MapCarte 306/365: The Story Map of Scotland by Colortext Publications, 1935

MapCarte306_scotlandThere’s a saying about things that are old become new again and we see plenty of that in cartography. In fact, many cartographic techniques seem to come in and out of fashion regularly as new map-makers find the technique or try and work out ways of creating a particular map type using new software. A good example recently has been the use of tesselated hexagons as a container for summarizing another dataset. We might call it hex-binning and for the last few years it’s become a popular way of mapping thematic point data because it creates visually and cognitively equivalent areas and which overcomes the death by push-pin red dot fever mapping.

Another trend has been the use of new terminology to describe a particular type of map. To some of us a little older in the tooth a map is a map. We’d go so far as to categorize based on type (topographic, thematic for example) or scale (small, medium, multiscale) but the trend to create new brands and be seen as different is inevitable. A current fad is Map Stories or Story Maps. The idea that a map has a narrative and can tell a compelling story using a mixture of maps, graphics and textual components. As with most things, this idea isn’t new either. This map by the publishers Colortext was one of a series they labelled ‘Story Map’. It combines pictorial images, text and information that in this case tells the story of Scotland. It incorporates historical and cultural components in a place-based narrative.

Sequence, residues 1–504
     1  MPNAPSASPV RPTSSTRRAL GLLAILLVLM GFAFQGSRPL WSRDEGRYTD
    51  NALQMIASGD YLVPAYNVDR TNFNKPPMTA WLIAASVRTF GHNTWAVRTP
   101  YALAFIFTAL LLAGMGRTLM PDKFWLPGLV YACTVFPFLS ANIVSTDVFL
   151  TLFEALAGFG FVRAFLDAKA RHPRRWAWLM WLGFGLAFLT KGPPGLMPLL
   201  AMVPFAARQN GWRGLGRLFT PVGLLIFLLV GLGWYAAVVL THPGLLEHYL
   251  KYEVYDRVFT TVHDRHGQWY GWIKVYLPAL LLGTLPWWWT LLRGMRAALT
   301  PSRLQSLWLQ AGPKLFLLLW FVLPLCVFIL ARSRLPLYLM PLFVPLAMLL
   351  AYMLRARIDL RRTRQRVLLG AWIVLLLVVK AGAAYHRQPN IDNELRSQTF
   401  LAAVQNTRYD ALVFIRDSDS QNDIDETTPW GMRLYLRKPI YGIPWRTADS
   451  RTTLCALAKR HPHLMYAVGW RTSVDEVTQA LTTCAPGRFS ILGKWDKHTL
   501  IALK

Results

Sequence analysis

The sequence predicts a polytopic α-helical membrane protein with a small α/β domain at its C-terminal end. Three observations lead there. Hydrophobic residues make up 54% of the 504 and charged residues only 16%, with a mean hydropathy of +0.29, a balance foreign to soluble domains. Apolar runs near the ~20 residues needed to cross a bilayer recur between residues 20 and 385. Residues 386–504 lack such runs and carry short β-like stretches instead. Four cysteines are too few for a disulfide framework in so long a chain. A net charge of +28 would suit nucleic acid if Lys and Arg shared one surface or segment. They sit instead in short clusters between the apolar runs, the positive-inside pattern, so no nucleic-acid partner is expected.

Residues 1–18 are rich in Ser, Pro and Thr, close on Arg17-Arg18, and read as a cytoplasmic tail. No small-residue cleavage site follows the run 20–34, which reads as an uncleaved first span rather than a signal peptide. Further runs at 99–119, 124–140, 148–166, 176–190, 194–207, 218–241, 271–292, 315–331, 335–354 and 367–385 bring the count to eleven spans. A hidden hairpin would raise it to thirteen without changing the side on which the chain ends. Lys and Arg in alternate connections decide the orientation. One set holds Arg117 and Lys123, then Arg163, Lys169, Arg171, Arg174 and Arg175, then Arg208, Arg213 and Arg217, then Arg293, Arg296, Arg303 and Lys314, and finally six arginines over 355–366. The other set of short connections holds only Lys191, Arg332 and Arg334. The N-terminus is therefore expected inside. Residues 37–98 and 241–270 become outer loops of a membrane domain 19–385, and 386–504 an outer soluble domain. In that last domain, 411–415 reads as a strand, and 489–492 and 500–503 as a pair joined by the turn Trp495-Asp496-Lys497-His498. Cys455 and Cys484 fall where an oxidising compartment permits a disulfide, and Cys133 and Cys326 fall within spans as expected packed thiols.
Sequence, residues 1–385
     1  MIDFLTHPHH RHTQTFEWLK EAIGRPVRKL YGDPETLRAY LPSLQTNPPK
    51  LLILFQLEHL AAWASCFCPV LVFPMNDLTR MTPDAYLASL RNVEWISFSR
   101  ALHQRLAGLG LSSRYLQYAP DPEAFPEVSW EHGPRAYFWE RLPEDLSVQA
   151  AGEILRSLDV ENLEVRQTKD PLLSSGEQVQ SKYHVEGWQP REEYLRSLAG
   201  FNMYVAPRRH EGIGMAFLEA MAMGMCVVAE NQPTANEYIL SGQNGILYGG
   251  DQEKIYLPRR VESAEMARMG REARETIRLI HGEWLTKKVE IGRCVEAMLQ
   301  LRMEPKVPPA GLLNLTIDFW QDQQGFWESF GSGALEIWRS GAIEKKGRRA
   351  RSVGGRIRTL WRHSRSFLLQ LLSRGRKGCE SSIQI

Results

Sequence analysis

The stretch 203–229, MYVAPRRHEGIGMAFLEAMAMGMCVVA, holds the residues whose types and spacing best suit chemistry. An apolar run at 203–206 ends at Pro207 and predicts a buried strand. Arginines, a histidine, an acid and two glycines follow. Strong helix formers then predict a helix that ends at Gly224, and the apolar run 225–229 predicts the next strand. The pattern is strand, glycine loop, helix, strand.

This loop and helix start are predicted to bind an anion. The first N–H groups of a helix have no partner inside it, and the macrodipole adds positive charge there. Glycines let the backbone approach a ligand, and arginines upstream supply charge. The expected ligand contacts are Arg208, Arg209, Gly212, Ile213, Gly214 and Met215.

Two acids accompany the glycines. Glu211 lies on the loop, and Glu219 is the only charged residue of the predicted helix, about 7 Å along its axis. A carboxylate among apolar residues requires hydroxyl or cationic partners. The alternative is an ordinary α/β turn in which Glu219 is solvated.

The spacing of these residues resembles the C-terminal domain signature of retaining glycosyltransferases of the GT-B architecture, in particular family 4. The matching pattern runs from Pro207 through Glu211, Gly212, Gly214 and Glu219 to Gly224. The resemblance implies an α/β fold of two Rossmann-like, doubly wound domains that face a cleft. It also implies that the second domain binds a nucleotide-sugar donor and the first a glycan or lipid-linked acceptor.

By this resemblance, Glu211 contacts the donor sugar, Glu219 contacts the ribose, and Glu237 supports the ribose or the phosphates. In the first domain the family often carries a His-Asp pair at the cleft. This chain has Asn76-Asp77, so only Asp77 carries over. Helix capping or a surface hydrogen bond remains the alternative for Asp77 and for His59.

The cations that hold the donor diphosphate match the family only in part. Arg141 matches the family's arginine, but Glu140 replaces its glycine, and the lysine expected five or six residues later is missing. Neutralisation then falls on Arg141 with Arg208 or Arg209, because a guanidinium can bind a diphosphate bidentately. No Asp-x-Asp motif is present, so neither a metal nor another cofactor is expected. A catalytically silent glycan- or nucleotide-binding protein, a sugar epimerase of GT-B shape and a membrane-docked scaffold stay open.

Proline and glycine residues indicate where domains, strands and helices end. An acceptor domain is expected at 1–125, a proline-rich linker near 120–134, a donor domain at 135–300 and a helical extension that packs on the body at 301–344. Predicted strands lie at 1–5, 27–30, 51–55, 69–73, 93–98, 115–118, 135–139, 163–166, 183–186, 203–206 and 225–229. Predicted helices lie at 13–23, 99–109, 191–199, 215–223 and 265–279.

MapCarte306_scotland_detailIt’s possibly the first of the genre of Story Maps. Ernest Dudley Chase also produced a number of his own maps in the mid-1900s that he titled Story Map too. This is a well composed Story Map or, as some of us might say, a map. It’s pictorial elements are well composed and the map has a good density of information. The decorative border of the tartans adds further interest and the map as a whole combines several integrated themes to tell the story of Scotland.


MapCarte 25/365: In Flight by Kiln, 2014


Click image to view the online web map

The first map of 2014 to be added to MapCarte is an impressive effort by Kiln, who have designed a multimedia app that celebrates 100 years of aviation history. Designed for The Guardian, the app shows how a story can be told through expertly integrating pictures, audio, commentary and animation with the map as a central character. The map holds the story together, providing a focal point that the story returns to at different points. The map itself is simple in design and allows you to explore historic flight data as well as real time patterns.

The background map is tastefully presented and the animated flight lines work well (with a nod to a number of other web maps that illustrate flow). The pace of the presentation is crucial and allows people an immersive experience. Controls are obvious and support, rather than interfere, with its use. Functionally, the app gives the user variation and holds the attention well. The commentary means that the map is supported by a story we can follow.